Home > linux > ucwcs on Debian testing/unstable

ucwcs on Debian testing/unstable

Very long time ago, several UCW sages congregated on the ultimate Czech programmer layout – they ended up with a US keyboard just like usual, except that capslock doesn’t lock case (good in itself!) but acts as a second shift, adding diacritic mark on the letter. So caps+s produces š, caps+e produces é and caps+w produces ě. I have been using that ever since, but when moving to another system, setting this up always was a bit of a challenge.

But currently, the X11 Czech ucw layout is easy to set up on squeeze/sid (I’m currently using squeeze with xorg from sid – works fine). Xorg keyboard configuration is HAL-driven on sid currently, what you need to do is put this to /etc/default/console-setup:


(Though, the way this works, using two groups, I’m not quite sure how to add another layout with reasonably seamless switching. Not my problem, but some other users might want that.)

Categories: linux Tags: , ,
  1. lajner
    September 20th, 2009 at 22:11 | #1

    Probably silly question, but anyway: Why doesn’t capslock just make a switch to czech layout?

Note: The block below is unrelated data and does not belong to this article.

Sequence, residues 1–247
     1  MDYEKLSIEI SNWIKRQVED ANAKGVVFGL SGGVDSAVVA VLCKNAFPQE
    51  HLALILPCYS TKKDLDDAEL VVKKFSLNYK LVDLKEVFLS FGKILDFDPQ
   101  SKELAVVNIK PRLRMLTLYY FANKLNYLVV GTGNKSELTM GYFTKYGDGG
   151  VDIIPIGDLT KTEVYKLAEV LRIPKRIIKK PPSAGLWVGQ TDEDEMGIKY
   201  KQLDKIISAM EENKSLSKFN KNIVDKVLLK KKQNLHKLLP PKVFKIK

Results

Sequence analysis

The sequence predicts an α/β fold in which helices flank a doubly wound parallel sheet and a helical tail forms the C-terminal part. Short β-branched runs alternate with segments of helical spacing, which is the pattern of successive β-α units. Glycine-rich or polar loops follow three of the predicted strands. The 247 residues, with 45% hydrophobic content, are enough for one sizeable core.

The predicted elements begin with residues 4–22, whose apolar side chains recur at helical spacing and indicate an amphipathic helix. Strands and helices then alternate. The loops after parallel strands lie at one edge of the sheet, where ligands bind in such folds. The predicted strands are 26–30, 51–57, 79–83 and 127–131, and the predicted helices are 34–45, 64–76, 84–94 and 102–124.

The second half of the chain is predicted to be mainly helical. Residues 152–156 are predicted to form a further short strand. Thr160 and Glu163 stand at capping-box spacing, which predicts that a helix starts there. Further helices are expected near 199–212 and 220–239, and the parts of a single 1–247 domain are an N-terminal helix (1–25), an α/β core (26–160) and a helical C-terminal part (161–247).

2. pasky
    November 3rd, 2009 at 09:47 | #2

    Because czech layout has actually quite a small subset of czech characters available directly, since it has to coexist with all the other characters. If you use a special shift state, you can have many more characters available, even actually not Czech ones – in the past I used caps+v for cé cédille quite a lot. Besides, it’s not like the ucw mapping would be hard to remember at all.

  3. October 24th, 2010 at 22:35 | #3

    For people that are dumb like me, the commands for non-debian systems is:

    ‘setxkbmap us,cz -variant ,ucw -option grp:caps_switch’

    Also, in the most recent X11 servers, there’s a dvorak UCW present, too! Use:

    ‘setxkbmap cz -variant dvorak-ucw’ for it. Right Alt switches to accents.

  1. No trackbacks yet.

× five = 35